issue nineteen

art gallery
past issues
current issue
(7030 words)
WJ Rosser
In the Shade of the Ocotillo Hedge
Her eyes returned over and over to the needle that spun closer and closer to the red as we drove, but even the vaguest reference to switching off the air conditioner and rolling down the windows was met with steadfast refusal and an optimism for the head gasket's stamina that her regular glances belied; and in the backseat, Timothy commented on all my stories about the pall over the desert on a summer afternoon that I told him shrouds the bright, clear air and the heat so palpable it draws lines in the distance over the asphalt and the sand and how I told him from the time he was little that it leeches the salt from cheeks and back and forehead in great flowing streams fed by lakes of empty bottles, cups, and pitchers of aquifer water laced with extra fluoride and potash. He sat next to his brother and fiddled with the night-scope telephoto lens that cost more than my first car and the digital camera with optional time-lapse programming that had elicited yelps and shouts and I love you dad's as he read the back of the slick black package with silver lettering and discovered the listed features and benefits; and he asked again if we could visit the college student's grave and make the trip to Jumbo Rocks so he could lay his trap for the wailing phantom and capture definitive proof of the ghost's thirsty nighttime exertions.

I thought for not the first time that I had erred in presenting him with my hometown's jealously guarded folk tale, it's own parochial haunting that fueled snorting conversations among the town's dusty, parched old men in floppy hats and linen coats despite the heat as they sat in the donut shop and drank coffee in the morning and water in the evening and never ordered any of the pastries my father bought by the bag every Sunday morning for the family and by the dozen every Tuesday morning for the three airmen and the Second Class Petty Officer he inherited when he gained the right to add the fouled anchor pin on his collar to complement the crow on the rocker-topped chevrons on his sleeve. He directed his crew in the little Quonset hut behind barbed wire fencing and about a quarter-mile from the NCO housing development we'd left for the ranch-style house on a third of an acre on Sunway Drive to chase away the ghosts of townhomes emptied every three years by new deployments and to protect my brothers and I, as we entered high school, from another parting of friends and first loves; and I was just about the same age as the camera worshipping teen in the back, though we'd moved first to the desert when I was as young as his nine year-old brother beside him.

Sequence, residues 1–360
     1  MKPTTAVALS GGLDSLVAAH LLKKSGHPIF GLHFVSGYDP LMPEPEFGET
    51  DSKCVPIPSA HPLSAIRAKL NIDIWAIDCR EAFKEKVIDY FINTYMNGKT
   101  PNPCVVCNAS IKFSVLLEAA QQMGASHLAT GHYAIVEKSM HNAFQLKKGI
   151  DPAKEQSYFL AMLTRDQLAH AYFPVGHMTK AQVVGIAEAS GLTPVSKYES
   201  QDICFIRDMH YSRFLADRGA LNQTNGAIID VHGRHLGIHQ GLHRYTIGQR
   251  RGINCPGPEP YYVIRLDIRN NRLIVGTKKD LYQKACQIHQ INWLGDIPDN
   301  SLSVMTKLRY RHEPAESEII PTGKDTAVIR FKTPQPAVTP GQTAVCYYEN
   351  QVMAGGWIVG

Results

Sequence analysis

I remembered Carlos at nine, like I often did in the early years after we'd exchanged manicured lawns and concrete playgrounds scattered among orchards by highways and housing developments with aged trees transplanted to lawns to give the illusion of antiquity and depth to a neighborhood that was neither old nor rich in history, and the first time we stole beers from his father's refrigerator to sip at them in the fort we'd built by laying plywood over the side fence corner until it butted up against his garage and by propping an old pallet up against the makeshift roof, leaving just a two-foot gap for a door; and, of course, we hung our Shogun Warriors blanket from the top to close that gap and offer us some illusion of privacy as we sipped from the cans and pretended to each other we liked the bitter brew. Most of my pre-adolescent exploration occurred in that fort, from the fumbling kisses with Barbara Constance to the first stinging bites of the pickled yellow chilies from the giant jar on his kitchen counter and the trembling, late night, flashlight-illuminated recollections of the story of the Camarillo Witch, who jumped on windshields to provoke accidents among the cars touring Ventura County back roads; and according to his uncle, who always called him Carlitos, was especially interested in punishing kids who hide beneath blankets in station wagons to avoid paying for drive-in films -- never mind that it was the uncle who directed us to duck down among the Jiffy Pop, RC Colas, and Frescas for us and the Budweiser for him, and when we left Port Hueneme, the thought of the three years Carlos and I had spent in that fort weighed on me as no other leaving had.

Of course the two of us had promised to write and of course he would visit me in the desert wilderness that promised snakes and western whiptail lizards beneath every beavertail cactus and roadrunners and jack rabbits and antelope ground squirrels in the shade of every Joshua Tree, but we only exchanged a letter apiece, because a four hour drive is continents away to a child, and my attentions were fully focused on new forts and the exploration of Old West prospectors' abandoned cabins and the decaying skeletons of great depression shacks until Carlos became the idea of Carlos instead of the childhood friend and the desert became home and all life previous became memory. Still, I would occasionally broach the subject of a visit in one direction or the other, pestering my mother and never my father with the request, and demanding an answer like Timothy demanded for Jumbo Rocks and the Hiker, and since no maybe or we'll see or lemme think about it would quiet him, Nikki finally told him to shut up because we weren't heading to the desert for one of our alternating Christmas or Easter visits but for another ritual altogether, and I'm pretty sure she said it for the same reason she drove the car, to protect them and me from the bottles of pretentious imported Flemish beer I'd had in the morning to steel myself for the trip.